There's nothing graphic here by any stretch of the imagination, but this story does involve homosexual men flirting with each other. If that is not your cup of tea, then you should probably quit reading now...

Here is "Three O'Clock"

Charlie knew he was bouncing with impatience while he waited for the elevator door to open, but he couldn’t force himself to stop. Three o’clock – the very best time of day. Coffee and flirting and maybe an invitation for more if he played his cards right.

The doors opened at last, revealing the coffee cart in the lobby and the handsome barista who operated it. Everything about Mark appealed to Charlie, from the dark spiky hair and lean, slender body to the eyebrow ring and sweet, almost shy smile that Charlie swore Mark saved just for him.

Mark had looked up as soon as the bell dinged the elevator’s arrival, as used to the routine as Charlie by now. Three o’clock. Early enough for Charlie to beat most of the afternoon rush of caffeine hunters, and close enough to the end of Mark’s shift that he was free to talk and play. Charlie admired the snug fit of Mark’s black button down shirt as he approached the cart, his eyes travelling slowly up and down, soaking in every detail. His grin broadened when Mark acknowledged his perusal with a light blush.

“Hey, you,” Mark greeted Charlie. “Triple soy sugar free vanilla latte?”

“Yes, please,” Charlie beamed. He ordered the same thing every day, but it still gave him a little thrill each time Mark remembered his order.

“Anything else?” Mark asked, eyes lowering so he could peek up at Charlie through his eyelashes.

Charlie opened his mouth to reply, but found he had no air to speak or breathe with. Tearing his gaze away from the heat in the sapphire gaze that Mark was careful to keep mostly turned away from him, Charlie managed a low laugh. “Don’t tempt me.”

Oh. Oh, that was a happy smile stretching Mark’s face at Charlie’s words. Damn. Charlie knew he was staring at Mark, completely ensnared by the sight of him steaming soy milk and preparing espresso shots and smiling, but he could not look away. He heard himself babbling on, covering his fascination with too many words, but Mark was used to that by now, too. Mark answered back when he could get a word in edgewise, the movement of his throat jostling the heavy chain that rested along his collar bone.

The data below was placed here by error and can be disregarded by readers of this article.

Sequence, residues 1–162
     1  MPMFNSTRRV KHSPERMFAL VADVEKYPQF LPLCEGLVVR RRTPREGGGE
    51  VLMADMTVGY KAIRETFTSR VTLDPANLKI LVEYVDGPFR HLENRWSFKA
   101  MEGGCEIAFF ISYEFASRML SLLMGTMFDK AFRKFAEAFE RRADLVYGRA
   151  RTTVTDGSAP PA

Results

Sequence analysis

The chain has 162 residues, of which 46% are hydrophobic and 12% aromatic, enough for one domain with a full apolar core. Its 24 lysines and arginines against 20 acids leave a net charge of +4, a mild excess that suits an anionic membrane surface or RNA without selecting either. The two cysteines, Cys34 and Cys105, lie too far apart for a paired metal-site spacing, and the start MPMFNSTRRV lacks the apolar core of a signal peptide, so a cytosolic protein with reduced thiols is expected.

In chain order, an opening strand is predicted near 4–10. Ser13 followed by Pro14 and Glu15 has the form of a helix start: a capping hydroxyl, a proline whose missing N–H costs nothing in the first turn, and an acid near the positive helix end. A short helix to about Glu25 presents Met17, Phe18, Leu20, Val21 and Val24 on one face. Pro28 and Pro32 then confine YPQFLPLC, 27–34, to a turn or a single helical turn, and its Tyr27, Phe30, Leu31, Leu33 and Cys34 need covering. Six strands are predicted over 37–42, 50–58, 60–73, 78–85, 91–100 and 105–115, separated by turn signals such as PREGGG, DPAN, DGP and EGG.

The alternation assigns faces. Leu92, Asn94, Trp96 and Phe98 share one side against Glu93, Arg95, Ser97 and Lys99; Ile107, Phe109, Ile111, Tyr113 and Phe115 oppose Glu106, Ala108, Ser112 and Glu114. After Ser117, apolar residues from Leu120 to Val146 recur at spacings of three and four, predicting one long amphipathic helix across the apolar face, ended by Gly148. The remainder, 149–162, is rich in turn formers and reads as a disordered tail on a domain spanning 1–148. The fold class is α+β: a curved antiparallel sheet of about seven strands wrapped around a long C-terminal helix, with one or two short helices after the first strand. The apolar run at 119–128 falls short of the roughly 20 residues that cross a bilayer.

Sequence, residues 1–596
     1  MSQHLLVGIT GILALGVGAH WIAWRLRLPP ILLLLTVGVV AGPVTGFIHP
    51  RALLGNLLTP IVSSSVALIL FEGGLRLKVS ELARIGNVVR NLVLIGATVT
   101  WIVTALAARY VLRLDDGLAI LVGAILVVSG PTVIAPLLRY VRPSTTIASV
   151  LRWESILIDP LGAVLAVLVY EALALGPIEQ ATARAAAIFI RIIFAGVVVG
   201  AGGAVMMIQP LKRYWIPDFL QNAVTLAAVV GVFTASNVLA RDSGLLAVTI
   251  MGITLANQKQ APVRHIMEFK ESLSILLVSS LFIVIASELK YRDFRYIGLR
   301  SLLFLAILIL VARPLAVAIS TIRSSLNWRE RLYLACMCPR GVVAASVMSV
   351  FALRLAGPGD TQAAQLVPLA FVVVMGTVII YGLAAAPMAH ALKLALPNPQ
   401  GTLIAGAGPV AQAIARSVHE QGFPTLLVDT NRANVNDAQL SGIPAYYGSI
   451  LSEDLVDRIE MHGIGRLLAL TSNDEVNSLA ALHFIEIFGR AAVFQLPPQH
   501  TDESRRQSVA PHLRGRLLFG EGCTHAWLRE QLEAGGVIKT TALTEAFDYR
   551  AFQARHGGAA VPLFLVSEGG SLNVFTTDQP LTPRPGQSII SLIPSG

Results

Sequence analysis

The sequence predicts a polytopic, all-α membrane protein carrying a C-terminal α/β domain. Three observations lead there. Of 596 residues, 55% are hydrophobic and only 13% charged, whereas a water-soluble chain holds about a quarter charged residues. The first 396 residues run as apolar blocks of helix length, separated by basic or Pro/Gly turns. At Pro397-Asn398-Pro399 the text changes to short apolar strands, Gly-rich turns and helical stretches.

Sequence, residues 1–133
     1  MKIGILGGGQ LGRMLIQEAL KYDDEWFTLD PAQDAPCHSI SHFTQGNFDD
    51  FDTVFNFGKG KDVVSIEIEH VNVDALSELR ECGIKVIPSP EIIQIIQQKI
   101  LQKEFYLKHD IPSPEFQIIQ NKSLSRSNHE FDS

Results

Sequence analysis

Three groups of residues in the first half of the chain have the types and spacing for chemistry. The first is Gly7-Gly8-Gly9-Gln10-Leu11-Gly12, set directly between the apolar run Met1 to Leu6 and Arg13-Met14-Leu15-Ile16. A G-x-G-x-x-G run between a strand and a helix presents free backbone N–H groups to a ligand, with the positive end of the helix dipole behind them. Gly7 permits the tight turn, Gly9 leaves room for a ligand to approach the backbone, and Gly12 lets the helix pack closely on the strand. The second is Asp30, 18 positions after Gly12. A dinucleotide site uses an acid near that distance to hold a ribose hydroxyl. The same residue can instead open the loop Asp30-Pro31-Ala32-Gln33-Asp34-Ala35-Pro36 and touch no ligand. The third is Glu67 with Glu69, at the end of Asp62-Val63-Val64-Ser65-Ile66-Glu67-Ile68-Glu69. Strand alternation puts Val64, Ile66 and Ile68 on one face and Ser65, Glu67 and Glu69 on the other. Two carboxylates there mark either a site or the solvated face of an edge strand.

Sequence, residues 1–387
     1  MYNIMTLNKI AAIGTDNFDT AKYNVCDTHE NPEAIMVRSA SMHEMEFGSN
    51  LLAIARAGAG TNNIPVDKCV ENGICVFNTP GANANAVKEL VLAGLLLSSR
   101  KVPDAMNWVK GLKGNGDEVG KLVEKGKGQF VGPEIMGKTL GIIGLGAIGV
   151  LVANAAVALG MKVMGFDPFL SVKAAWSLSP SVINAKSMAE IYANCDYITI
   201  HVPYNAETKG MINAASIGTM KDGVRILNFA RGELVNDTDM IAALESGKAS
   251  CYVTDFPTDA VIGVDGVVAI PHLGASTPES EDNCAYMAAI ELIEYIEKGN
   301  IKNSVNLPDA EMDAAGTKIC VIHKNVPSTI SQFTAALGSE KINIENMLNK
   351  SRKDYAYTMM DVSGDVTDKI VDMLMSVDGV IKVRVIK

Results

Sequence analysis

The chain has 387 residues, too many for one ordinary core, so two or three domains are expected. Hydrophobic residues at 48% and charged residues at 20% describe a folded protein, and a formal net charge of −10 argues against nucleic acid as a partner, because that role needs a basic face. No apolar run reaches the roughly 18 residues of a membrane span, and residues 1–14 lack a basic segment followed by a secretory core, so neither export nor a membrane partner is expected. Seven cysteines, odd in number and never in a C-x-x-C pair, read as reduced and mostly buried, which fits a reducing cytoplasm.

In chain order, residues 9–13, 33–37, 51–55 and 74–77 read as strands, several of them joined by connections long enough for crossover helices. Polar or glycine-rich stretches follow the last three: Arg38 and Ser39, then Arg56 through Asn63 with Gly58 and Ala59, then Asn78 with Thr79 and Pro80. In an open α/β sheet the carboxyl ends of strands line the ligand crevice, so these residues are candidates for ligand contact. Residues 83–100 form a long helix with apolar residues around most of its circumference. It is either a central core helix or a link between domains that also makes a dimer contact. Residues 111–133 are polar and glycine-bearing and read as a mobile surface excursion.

Oh, God.

There, just above the chain was the dark smudge of a hickey. How on earth had Charlie missed that before? It wasn’t all that large, but it was almost black, edged with red where teeth had worried the flesh, too.

Hot. Even as Charlie mourned the lost opportunity for more than a flirtation with Mark, his body reacted to the sight of the bruise with undeniable enthusiasm. He wanted to touch it, taste it, in the worst way. Mark might even let him, but the person who’d claimed him would almost certainly object.

“Are you going to introduce me to your friend, boy?” came a low rumble from behind Charlie.

Mark’s smile had always been bright and intimate for Charlie, but now he positively glowed. “Oh, yes, Master,” he breathed. “This is Charlie. Charlie, this is Master Byron.”


Charlie had noticed the chain around Mark’s neck, of course, but he’d never realized it was actually a collar. How had he missed that?

With a shake of his head, Charlie brought himself back to the moment and clasped the hand that Mark’s master had extended. It was huge, warm and strong. The arm attached to it was sized to match, thick muscles rippling under the skin as Charlie’s gaze travelled upwards to meet Master Byron’s eyes.

Oh boy.